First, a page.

The Leader of the House should call upon the Secretary of State for Health to make a further statement about the ambulance crews and the Army being brought in, in view of the continuing controversy. It has now been revealed that the negotiations on the trade union side--
Mr. Skinner rose --
Column 965midnight than before midnight? Does he further accept that we condemn such trampling on parliamentary rights? Will he ensure that tomorrow the Secretary of State for Education and Science makes a statement to the House on capital expenditure on schools which is--
Mr. Cryer : It is related. Before this change of business is implemented tomorrow, I want a statement from the Secretary of State for Education and Science. Children in my constituency of Bradford, South are being sent home because of the lousy Tory council in Bradford not spending enough money on schools. The children in my constituency deserve better than that from this rotten Government.
Mr. David Winnick (Walsall, North) : Is the Leader of the House aware that if there are to be restrictions on debate when there is no question of filibustering-- [Interruption.] The Conservative Members who are shouting were not present during the debate. Is the Leader of the House aware that if such restriction of parliamentary rights and privileges continues Back Benchers will fight it with every conceivable parliamentary device to ensure that our voices are heard? After the Leader of the House announced the procedural motion tonight was one illustration of that.
Mr. Tony Banks (Newham, North-West) : Before I ask a question of the Leader of the House, Mr. Deputy Speaker, will you say whether Conservative Members' claim that there has been a filibuster--if that is their accusation--is a criticism of whoever was in the Chair at the time?
Mr. Banks : I remind the Leader of the House that, when I congratulated him on becoming Leader of the House, I said that in his new position he would find life far more convivial than he did when travelling around the world with the Prime Minister, being feted and drinking gin and tonics. He sees exactly how interesting the times in which he lives are when he proposes guillotine motions.
I advise the Leader of the House that 650 amendments are far too many for hon. Members seriously to consider in the constricted timespan that he is now to give us. Why could not hon. Members be allowed to continue discussing the amendments in a measured way through the night and into the next day? We are quite prepared to do so. What is the right hon. and learned Gentleman afraid of? Can he not muster his troops to put forward a reasonable argument on the Government's amendments?
Sir Geoffrey Howe : The hon. Gentleman knows that our troops are mustered and ready to uphold the Government in all these matters. There is no realistic prospect of measured consideration of the kind that the hon. Gentleman talks about. There was measured, sensible consideration on the previous day. There has not been any this evening.
Mr. Frank Haynes (Ashfield) : Is the Leader of the House aware that I have now completely lost faith in him? Last Thursday, I suggested that he should watch the Government Chief Whip. He has now joined in the right hon. Gentleman's activities. Is it any wonder that the opinion polls are in our favour? People can see the mess that the Government are in. I suggest that the right hon. and learned Gentleman should go to No. 10 tomorrow and resign. Sir Geoffrey Howe : The whole House will want to reflect upon the hon. Gentleman's gentle ruminations, but the Government will continue to prevail upon the support of the people of this country.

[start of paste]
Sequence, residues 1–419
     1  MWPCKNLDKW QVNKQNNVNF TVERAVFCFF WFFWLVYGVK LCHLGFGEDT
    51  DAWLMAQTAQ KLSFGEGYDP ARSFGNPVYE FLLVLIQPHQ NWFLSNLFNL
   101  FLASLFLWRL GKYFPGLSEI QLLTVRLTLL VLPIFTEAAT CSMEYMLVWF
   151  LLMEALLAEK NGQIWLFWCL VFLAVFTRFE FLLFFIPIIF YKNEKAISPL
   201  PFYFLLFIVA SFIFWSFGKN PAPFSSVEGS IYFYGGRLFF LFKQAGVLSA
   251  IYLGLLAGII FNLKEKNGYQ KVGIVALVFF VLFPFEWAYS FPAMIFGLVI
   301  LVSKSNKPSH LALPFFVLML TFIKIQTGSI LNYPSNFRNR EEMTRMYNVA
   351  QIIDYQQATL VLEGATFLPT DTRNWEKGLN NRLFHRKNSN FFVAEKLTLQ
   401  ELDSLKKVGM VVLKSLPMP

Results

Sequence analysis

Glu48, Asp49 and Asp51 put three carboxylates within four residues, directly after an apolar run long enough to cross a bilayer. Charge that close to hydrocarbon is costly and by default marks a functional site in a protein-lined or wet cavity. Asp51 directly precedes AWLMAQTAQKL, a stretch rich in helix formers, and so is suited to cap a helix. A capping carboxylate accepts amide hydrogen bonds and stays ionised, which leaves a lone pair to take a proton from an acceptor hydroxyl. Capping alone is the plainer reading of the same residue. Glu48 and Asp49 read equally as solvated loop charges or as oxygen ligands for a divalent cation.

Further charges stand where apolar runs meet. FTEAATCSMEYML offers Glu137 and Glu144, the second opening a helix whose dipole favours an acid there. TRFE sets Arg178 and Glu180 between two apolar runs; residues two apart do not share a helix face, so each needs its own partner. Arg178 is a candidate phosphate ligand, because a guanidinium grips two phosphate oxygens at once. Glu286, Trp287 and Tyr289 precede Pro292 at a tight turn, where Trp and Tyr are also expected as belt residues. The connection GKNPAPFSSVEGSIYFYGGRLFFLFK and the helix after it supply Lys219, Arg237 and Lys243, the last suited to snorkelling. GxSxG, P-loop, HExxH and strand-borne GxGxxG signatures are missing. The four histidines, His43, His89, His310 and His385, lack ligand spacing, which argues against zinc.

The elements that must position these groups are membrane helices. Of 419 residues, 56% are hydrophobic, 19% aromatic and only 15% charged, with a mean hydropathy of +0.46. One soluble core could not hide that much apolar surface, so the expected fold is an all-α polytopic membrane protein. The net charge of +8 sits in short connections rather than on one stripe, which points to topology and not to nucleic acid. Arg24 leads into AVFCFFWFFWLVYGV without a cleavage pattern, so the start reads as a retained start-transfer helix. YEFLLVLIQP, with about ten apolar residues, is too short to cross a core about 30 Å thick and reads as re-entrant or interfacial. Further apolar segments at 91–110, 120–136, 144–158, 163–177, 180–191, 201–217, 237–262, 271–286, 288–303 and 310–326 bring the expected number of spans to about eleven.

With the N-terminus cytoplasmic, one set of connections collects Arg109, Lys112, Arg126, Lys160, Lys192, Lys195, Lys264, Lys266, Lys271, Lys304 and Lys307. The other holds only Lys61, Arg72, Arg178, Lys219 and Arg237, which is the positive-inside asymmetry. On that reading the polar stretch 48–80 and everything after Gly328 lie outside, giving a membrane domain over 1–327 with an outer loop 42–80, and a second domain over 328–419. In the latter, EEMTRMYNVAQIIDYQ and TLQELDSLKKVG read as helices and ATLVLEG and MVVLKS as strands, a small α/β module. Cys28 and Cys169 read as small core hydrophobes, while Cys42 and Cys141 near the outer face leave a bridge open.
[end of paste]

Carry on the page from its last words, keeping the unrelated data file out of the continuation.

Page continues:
Mr. Bob Clay (Sunderland, North) : Will the Leader of the House explain how on earth the House will be able to give adequate attention to Lords amendment No. 277 to the Local Government and Housing Bill, which deals with housing action trusts?
The Minister for Housing and Planning, the hon. and learned Member for Folkestone and Hythe (Mr. Howard), went to Sunderland on Monday to discuss housing action trusts, and then issued a press release which appears to claim that he has caved in to a Labour council on that matter. Other local authorities threatened with housing action trusts will want to know what the amendment is about, what its implications are for them, and exactly what deal the Minister has struck with my local authority. How are hon. Members to debate that matter in the pathetic amount of time that the Government have allocated, if that amendment is ever reached?
Sir Geoffrey Howe : A great deal of time could have been devoted to it tonight had there not been so much time spent on dilatory matters. As it is, we shall have to see how much time is available tomorrow.
Mr. Peter L. Pike (Burnley) : As the Leader of the House is not prepared to go along with any other suggestions, and as he referred more than once to Monday's proceedings, saying that he was happy with the progress that was made, will he guarantee that he will provide similar time tomorrow as was available on Monday so that all the issues may be debated?
Sir Geoffrey Howe : The House will have to recognise that it is a question to which a large amount of time has been devoted today, including the extended discussions that we are having at this late hour. One must take full account of that.